Breaking Down the MLB Owners Proposal to Get Baseball Back on the Field

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Monday came the first step to getting Major League Baseball back on the field, as MLB owners approved a proposal that Tuesday will be handed off to the players’ union for their approval.

Baseball is the first sport to take this step, and the game could benefit greatly and step up as truly the “great American pastime” if the two sides can agree and get back on the field.

Before you brush off your glove and get ready to watch your favorite team with peanuts and cracker jack, understand that a lot still has to happen for there to be final approval to get games started again.

Here’s a number of things in the proposal that the players could either balk at or want modified before they sign off and get back to playing ball.

No Fans in the Stands

This is an easy one as not having fans at the games for the time being is the most safe way to keep the covid-19 virus in check. Many have speculated that it would not be till some time in 2021 when large groups such as those that come to a ball game would be allowed to gather.

With that, no fans in the stands at the games seems like an easy one that sadly right now is the best way to move forward and continue to practice the safest procedures for all involved.

Shortened 82-Game Season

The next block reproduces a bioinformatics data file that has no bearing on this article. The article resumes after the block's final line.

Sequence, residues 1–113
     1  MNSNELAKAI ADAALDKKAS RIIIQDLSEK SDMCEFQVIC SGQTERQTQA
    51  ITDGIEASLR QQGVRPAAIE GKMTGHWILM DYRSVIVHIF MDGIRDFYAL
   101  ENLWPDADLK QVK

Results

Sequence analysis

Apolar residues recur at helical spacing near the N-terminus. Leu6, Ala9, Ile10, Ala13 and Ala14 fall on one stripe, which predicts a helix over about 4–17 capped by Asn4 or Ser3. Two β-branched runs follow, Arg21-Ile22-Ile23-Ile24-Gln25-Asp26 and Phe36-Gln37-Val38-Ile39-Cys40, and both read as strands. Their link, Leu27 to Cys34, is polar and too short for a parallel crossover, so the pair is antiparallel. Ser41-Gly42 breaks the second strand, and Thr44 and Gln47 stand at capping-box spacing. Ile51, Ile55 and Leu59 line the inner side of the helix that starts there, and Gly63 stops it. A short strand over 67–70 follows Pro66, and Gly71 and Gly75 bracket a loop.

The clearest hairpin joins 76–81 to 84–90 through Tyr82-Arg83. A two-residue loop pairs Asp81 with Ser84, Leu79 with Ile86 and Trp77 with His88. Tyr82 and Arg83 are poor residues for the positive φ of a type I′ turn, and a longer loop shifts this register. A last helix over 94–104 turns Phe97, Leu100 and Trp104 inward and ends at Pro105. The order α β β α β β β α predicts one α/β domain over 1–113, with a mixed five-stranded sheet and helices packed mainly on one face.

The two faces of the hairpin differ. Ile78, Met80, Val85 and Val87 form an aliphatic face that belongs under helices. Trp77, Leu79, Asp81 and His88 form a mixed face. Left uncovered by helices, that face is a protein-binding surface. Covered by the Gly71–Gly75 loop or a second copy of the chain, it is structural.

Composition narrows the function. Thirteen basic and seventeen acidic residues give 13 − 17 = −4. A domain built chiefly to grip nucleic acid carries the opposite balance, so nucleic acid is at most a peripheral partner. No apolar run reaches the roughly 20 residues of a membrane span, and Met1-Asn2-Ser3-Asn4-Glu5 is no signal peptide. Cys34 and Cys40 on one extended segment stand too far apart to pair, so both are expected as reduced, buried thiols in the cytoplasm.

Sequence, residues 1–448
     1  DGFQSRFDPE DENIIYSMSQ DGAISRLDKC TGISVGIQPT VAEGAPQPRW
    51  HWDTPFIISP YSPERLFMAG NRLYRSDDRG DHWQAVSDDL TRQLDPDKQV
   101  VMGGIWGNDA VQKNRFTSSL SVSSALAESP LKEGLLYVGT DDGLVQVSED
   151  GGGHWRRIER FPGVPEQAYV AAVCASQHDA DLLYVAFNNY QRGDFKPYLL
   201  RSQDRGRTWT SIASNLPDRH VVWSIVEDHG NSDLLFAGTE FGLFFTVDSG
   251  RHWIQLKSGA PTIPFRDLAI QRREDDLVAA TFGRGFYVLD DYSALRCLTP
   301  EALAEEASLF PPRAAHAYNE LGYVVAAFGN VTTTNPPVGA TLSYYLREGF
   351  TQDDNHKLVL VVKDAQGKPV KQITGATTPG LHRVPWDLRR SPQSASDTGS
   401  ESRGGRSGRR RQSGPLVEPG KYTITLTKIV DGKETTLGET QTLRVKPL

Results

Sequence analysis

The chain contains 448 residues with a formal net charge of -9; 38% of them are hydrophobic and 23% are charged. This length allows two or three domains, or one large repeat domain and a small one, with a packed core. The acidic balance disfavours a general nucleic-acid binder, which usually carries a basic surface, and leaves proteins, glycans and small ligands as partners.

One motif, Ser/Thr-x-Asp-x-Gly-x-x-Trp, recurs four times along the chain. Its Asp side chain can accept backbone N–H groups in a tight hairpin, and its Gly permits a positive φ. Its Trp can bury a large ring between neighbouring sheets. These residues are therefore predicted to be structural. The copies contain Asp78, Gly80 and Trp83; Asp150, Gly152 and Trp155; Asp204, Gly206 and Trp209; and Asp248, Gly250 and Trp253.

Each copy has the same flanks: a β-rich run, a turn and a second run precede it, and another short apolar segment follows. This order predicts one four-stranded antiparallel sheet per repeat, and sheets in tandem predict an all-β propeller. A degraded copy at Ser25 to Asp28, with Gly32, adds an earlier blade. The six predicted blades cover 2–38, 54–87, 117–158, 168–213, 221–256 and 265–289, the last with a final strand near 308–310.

A fairly easy sell as with games likely not starting till at least early July there’s almost no way to squeeze in a complete 162-game season.

82 games is the number that the NBA play in a normal regular season, with 41 games both home and away. If MLB tries to start on say July 1 and play until the 30 of September, they would have a total 92 days to play 82 games.

There has yet to be chatter about any doubleheaders in the proposed schedule, but it might be necessary due to weather, or if players want to try to get more days off in the three months of the regular season.

14 Playoff Teams

A wrinkle in the postseason is in the proposal by the owners, that being to have seven teams out of both the American League and National League.

A normal season has five teams from each league make the second season, but in this case it would add one more team on each side.

The top team in each league would earn a bye, and the other six teams would battle it out in the first round, and then the top seed would start play in the second round, and then would have to come both the ALCS and NLCS before the World Series.

There was no report on if the first round of games would be a best-of-five or best-of-seven.

Divisional Games Only w/ Interleague possible

With the short season having only divisional games would cut down on travel, therefore again trying to do what the league can to keep all involved as safe as possible.

Yes having to play the Tigers, Royals, Twins and White Sox is going to get a little old (it already does in a normal season when they play 18 times), but there is a chance to see some interleague games as well, with the Tribe playing the NL Central.